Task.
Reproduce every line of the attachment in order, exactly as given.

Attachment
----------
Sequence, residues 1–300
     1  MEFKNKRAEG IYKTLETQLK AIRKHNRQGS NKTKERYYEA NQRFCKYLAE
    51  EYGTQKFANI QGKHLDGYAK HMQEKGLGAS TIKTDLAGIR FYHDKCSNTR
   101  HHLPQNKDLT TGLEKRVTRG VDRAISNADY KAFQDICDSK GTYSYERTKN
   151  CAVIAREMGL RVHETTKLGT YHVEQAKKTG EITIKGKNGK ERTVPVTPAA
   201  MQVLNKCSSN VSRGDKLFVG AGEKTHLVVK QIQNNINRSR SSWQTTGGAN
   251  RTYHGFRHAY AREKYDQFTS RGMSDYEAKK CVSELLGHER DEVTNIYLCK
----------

Sequence, residues 1–300
     1  MEFKNKRAEG IYKTLETQLK AIRKHNRQGS NKTKERYYEA NQRFCKYLAE
    51  EYGTQKFANI QGKHLDGYAK HMQEKGLGAS TIKTDLAGIR FYHDKCSNTR
   101  HHLPQNKDLT TGLEKRVTRG VDRAISNADY KAFQDICDSK GTYSYERTKN
   151  CAVIAREMGL RVHETTKLGT YHVEQAKKTG EITIKGKNGK ERTVPVTPAA
   201  MQVLNKCSSN VSRGDKLFVG AGEKTHLVVK QIQNNINRSR SSWQTTGGAN
   251  RTYHGFRHAY AREKYDQFTS RGMSDYEAKK CVSELLGHER DEVTNIYLCK